Approximate word count: 65-70,000 words
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“Lex Allen was born in San Marcos and raised in the cities of Corpus Christi and Austin, Texas. After a twenty-one year military career, he took off the uniform but went back to work for the U.S. Department of Defense as a civilian. He's lived and worked for most of the past forty years in Germany.
He has spent a great deal of his free time as a semi-professional musician. With his band, Honky Tonk Heroes, he has written, published, and recorded fourteen country rock songs and performed on stages, large and small, all over Europe.”
For more, visit the author’s website.
“A man calling himself Jesus interrupts Easter Mass at a famous German cathedral, saying he's come to stop a religiously incited nuclear war and to find three ancient documents that will shake the foundations of organized religion and bring enlightenment to all. He disappears from the cathedral, leaving behind several 'miracles' as proof of who he claims to be.
Disarming the world's nuclear arsenals requires the help of scientists from his world, but can they do it in time? Finding the documents requires three special people who first need to be convinced of who they once were, and then - taught to use their latent paranormal abilities.
Dr. Elizabeth Washburn is a Professor of Theology battling a recent loss of faith. Jack Schmidt promotes the total disbandment of organized religion through an online blog, while Kate Barrow is a disillusioned film student seeking inspiration. Unlikely disciples, but all three have past incarnations connected to Jesus, and the Christian Savior needs them to find the missing documents.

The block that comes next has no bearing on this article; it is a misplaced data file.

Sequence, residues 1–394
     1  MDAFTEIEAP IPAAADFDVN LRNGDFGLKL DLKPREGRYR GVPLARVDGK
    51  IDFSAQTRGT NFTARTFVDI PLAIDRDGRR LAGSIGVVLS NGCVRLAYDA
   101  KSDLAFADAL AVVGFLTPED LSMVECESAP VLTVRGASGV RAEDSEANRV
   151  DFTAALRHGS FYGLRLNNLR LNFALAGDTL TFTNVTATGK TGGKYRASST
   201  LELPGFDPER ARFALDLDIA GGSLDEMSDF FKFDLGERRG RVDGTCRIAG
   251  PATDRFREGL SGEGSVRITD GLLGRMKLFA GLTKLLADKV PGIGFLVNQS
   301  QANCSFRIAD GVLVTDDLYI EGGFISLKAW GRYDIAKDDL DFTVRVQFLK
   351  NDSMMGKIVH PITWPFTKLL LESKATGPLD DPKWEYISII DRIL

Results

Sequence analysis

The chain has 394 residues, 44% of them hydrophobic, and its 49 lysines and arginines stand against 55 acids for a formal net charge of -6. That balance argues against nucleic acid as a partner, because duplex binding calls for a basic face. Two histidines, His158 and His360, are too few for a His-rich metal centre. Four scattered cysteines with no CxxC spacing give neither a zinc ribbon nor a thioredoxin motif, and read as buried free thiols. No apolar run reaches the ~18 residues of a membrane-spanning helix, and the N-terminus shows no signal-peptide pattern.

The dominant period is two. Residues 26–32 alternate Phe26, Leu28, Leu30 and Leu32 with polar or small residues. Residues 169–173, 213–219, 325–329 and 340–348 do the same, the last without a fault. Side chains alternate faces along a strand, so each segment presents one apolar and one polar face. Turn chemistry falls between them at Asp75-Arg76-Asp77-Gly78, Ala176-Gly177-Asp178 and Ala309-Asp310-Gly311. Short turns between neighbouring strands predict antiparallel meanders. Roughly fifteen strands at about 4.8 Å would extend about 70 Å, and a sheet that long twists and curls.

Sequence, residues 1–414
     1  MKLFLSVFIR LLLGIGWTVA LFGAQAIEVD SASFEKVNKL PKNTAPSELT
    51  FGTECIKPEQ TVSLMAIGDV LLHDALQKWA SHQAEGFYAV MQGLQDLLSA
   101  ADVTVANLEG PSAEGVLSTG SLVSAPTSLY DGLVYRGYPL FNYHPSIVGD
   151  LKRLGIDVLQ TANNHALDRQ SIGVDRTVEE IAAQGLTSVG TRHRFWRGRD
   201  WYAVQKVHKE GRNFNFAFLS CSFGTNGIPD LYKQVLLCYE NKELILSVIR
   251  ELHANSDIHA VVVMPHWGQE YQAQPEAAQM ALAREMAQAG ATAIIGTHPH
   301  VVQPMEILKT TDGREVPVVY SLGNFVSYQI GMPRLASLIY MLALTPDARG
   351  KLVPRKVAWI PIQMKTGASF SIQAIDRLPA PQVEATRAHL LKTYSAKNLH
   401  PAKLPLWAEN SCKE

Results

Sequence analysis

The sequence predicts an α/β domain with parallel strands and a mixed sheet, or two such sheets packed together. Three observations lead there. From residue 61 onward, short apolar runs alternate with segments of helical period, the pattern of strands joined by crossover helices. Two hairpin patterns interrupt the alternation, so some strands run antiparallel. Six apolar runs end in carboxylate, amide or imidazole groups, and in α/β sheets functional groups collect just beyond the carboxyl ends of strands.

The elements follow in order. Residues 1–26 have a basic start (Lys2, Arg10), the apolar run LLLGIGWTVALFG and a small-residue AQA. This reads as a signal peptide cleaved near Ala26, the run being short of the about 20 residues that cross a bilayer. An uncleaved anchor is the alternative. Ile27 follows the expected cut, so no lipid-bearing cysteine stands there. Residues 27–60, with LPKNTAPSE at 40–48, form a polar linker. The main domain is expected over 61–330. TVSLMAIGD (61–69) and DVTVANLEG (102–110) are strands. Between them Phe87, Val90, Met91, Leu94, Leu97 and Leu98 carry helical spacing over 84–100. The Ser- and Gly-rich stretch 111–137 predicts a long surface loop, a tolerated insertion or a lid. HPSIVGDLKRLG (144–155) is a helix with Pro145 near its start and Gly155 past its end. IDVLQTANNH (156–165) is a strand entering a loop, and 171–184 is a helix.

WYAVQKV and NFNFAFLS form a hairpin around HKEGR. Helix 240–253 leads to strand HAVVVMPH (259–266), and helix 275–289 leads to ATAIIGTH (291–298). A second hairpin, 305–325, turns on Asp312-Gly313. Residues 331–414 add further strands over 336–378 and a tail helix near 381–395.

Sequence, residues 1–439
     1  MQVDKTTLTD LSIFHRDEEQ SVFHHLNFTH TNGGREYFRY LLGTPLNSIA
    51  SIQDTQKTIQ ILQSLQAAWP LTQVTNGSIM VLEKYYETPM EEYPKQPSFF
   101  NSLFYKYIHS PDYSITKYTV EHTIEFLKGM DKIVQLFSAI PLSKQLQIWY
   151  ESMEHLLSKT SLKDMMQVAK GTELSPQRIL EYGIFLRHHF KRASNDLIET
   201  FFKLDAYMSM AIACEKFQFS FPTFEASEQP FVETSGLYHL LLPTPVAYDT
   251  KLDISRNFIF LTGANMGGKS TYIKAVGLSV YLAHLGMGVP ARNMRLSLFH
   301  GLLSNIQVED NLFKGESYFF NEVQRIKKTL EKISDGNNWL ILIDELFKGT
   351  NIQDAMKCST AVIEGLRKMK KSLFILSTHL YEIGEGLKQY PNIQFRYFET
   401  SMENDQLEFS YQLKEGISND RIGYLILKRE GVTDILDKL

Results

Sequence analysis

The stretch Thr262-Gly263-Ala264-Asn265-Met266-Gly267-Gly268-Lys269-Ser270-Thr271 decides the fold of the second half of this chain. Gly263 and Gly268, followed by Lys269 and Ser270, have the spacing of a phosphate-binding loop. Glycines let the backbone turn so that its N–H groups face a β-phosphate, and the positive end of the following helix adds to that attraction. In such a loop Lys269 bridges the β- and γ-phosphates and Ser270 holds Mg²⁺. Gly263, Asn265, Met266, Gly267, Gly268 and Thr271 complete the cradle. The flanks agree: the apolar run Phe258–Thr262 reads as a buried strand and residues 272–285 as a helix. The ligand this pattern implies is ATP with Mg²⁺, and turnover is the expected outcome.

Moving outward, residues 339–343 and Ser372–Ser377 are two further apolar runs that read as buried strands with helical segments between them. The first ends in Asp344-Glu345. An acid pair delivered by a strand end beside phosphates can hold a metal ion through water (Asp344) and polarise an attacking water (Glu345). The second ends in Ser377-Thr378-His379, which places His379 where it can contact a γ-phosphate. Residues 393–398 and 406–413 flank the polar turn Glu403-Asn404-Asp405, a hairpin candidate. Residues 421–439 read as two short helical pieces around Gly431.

The stakes are high and Jesus' tasks become more difficult as another entity from a parallel world, equal to Jesus in supernatural skills, has his own agenda for world dominance. Along with the U.S. government and the Catholic Church, each of whom have their own reasons for stopping Jesus, this Being is determined to eliminate Jesus from the equation. This time - forever!”
No Heaven, while revolving around the apparent “second coming of Christ,” is many things, but one thing it isn’t is “Christian Fiction.” Reasonably open-minded fans of that genre may enjoy this book, but those who explicitly avoid it will too.
This story works on two levels. On the surface, it’s a supernatural thriller with a religious component – think Dan Brown or his imitators with a dose of science-fiction and supernatural thrown into the mix. If this is the kind of story that appeals to you and you don’t have any desire to go deeper than this, it’s a good story.
However, scratch beneath the surface — think about the story and how it relates to the real world — and there is much more, with questions about the direction religion (and things done in the name of religion) and the politics around it are taking the world. It should get you thinking about what the ultimate outcome is likely to be, and hopefully will start you pondering about what can be done to change that direction.
No significant issues.
Rating: **** Four stars